The Notice affirms that the six principles it proposes to codify would apply to all platforms for broadband Internet access, including mobile wireless broadband, while recognizing that different access platforms involve significantly different technologies, market structures, patterns of consumer usage, and regulatory history. To that end, the Notice seeks comment on how, in what time frames or phases, and to what extent the principles should apply to non-wireline forms of broadband Internet access, including mobile wireless.

Recognizing that the Commission’s decisions in this rulemaking must reflect a thorough understanding of current technology and future technological trends, the Chief of the Commission’s Office of Engineering & Technology will create an inclusive, open, and transparent process for obtaining the best technical advice and information from a broad range of engineers.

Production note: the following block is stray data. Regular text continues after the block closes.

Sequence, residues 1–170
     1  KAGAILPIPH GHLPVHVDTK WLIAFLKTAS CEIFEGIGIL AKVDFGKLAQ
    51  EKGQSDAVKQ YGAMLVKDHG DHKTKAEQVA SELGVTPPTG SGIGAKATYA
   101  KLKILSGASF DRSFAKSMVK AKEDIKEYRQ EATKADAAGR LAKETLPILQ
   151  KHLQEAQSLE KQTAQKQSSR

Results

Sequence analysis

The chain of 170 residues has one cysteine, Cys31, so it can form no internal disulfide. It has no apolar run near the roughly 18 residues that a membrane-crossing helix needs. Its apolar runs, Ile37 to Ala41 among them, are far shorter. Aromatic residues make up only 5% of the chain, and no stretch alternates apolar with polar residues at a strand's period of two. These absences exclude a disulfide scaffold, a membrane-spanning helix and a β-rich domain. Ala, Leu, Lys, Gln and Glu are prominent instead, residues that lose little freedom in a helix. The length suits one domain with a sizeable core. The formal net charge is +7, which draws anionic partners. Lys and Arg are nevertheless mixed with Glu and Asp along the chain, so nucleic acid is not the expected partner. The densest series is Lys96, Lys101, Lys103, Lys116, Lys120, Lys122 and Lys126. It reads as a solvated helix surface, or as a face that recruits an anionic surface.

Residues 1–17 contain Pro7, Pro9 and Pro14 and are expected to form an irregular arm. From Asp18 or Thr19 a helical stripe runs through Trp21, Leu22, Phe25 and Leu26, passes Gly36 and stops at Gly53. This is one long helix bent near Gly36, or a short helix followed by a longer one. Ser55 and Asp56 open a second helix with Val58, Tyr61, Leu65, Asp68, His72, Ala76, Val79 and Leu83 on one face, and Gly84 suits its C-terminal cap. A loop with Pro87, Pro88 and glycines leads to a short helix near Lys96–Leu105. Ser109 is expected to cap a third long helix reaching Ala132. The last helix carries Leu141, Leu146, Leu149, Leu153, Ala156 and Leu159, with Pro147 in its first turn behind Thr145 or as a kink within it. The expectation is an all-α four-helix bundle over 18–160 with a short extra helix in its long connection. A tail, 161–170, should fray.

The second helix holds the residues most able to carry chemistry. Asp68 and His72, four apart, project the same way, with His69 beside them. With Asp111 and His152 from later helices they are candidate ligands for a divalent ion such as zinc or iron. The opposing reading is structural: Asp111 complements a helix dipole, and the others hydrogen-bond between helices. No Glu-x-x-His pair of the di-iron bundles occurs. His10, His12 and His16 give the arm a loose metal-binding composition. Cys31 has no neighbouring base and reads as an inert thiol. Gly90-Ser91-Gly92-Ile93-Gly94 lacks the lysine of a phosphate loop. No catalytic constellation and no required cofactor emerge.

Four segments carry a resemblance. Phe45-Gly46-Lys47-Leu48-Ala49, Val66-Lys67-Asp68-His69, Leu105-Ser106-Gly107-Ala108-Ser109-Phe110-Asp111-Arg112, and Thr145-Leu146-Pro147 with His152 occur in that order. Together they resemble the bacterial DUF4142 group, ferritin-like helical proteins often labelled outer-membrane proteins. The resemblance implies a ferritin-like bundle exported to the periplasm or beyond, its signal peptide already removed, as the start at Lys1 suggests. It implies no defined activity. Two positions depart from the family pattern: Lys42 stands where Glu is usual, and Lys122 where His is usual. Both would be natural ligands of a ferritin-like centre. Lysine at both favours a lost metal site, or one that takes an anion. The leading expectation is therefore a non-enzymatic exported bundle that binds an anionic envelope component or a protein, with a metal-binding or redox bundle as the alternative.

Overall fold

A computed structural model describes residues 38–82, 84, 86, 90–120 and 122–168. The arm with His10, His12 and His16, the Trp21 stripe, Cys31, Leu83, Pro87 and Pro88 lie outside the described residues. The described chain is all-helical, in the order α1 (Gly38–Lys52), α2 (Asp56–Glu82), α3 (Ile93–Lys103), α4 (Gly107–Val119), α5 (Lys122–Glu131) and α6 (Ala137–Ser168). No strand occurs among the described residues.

The adoption of this Notice will open a window for submitting comments to the FCC. Comments can be filed through the Commission’s Electronic Comment Filing System, and are due on Thursday, January 14. Reply comments are due on Friday, March 5.  In addition, the rulemaking process will include many other avenues for public input, including open workshops on key issues;  providing feedback through openinternet.gov, which will include regular blog posts by Commission staff; and other new media tools, including IdeaScale, an online platform for brainstorming and rating solutions to policy challenges.

Action by the Commission, October 22, 2009, by Notice of Proposed Rulemaking (FCC 09-93).  Chairman Genachowski, Commissioners Copps and Clyburn; Commissioner McDowell and Commissioner Baker concurring in part, dissenting in part.  Separate statements issued by Chairman Genachowski, Commissioners Copps, McDowell, Clyburn and Baker.

GN Docket No.: 09-191

WC Docket No.: 07-52


News about the Federal Communications Commission can also be found

on the Commission’s web site www.fcc.gov.

September 21, 2009

New America Foundation supports the latest in net neutrality

Hot from the inbox and this blog:

Chief Technologist, Robb Topolski, Applauds FCC Net Neutrality Announcement

Washington, DC, September 21, 2009 – Today, Federal Communications Commission Chairman Julius Genachowski announced his intention to pursue concrete Network Neutrality policies and rules governing American’s Connections to the Internet.